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Navigating the civil justice needs of Malawian women: The tensions between the formal and informal justice systems
(The Gender and Justice Unit)
Paper long abstract:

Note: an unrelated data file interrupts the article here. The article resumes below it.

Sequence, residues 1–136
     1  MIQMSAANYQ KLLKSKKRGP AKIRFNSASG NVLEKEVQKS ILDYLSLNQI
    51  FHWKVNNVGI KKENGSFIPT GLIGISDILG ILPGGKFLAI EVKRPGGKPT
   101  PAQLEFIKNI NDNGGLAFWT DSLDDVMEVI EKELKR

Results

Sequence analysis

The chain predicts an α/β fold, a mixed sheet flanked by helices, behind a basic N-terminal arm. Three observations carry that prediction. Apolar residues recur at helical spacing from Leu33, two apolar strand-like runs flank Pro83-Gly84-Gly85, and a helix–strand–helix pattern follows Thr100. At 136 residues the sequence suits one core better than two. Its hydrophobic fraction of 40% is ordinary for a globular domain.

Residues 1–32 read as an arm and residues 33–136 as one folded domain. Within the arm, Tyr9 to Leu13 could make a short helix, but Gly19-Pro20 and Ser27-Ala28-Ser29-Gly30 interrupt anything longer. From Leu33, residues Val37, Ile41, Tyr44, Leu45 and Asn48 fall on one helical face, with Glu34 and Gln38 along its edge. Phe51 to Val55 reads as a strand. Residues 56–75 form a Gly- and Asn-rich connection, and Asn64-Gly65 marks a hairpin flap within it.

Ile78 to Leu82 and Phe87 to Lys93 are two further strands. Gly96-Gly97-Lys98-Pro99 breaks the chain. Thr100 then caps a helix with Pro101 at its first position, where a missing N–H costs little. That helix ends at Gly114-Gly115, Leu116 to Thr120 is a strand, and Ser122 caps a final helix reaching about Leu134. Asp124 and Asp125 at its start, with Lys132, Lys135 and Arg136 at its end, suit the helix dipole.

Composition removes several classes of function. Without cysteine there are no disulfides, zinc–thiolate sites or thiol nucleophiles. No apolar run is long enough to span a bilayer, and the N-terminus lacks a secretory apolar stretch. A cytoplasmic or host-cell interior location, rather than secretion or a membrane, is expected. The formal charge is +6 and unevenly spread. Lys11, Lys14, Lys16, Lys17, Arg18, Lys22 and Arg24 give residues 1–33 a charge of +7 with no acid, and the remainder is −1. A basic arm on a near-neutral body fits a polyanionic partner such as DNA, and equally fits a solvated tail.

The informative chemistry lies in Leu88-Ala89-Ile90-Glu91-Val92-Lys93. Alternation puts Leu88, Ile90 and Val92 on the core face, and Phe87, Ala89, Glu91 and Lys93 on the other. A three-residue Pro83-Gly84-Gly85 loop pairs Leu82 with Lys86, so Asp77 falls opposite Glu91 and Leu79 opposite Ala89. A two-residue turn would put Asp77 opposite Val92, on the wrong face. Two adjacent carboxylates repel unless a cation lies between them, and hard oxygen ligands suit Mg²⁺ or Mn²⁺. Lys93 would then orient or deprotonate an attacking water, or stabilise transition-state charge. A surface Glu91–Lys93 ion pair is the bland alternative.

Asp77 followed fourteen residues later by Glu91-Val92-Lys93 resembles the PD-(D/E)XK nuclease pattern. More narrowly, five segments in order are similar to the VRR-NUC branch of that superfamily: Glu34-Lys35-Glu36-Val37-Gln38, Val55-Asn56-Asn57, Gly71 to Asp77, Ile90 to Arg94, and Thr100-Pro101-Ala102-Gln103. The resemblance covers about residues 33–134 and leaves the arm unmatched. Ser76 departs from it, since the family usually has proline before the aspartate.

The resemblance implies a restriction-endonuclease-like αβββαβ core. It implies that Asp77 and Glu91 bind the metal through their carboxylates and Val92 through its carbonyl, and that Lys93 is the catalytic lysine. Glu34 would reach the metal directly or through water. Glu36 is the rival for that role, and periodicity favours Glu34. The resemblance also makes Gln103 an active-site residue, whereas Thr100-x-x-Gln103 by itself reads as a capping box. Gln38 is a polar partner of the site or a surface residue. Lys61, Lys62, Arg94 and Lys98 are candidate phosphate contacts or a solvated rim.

A 2019 study conducted for the Gender and Justice Unit (GJU) explored civil justice needs of women and girls in rural and peri-urban settings of Lilongwe using Lumbadzi, Chitipi and Chigwirizano as research sites. The baseline study explored civil justice needs of women and girls through the voices of the women themselves as well as those of civil justice service providers. The research showed that the civil justice needs of women in all the three locations were similar with very slight variations. Most of the needs cited revolved around access to or lack thereof of civil justice services on issues such as child support, gender-based violence, land and financial disputes. The results revealed that there is an unmet need for women's civil justice services in all the three locations. The participants highlighted that traditional leaders (chiefs) and the police are the primary service providers for the civil issues cited above at all the sites. This despite their limited or non-existent authority to handle civil justice issues. The study and findings speak to the ongoing tensions that exist between the formal and informal justice mechanisms in Malawi, and particularly how women's justice needs are underserved often times as a result of these tensions. This article uses the research findings to explore and articulate the manner in which civil justice laws and processes exclude women's nearest service providers - the traditional leaders and the police. These ongoing divisions between the formal and the informal leave women at a loss for justice solutions.
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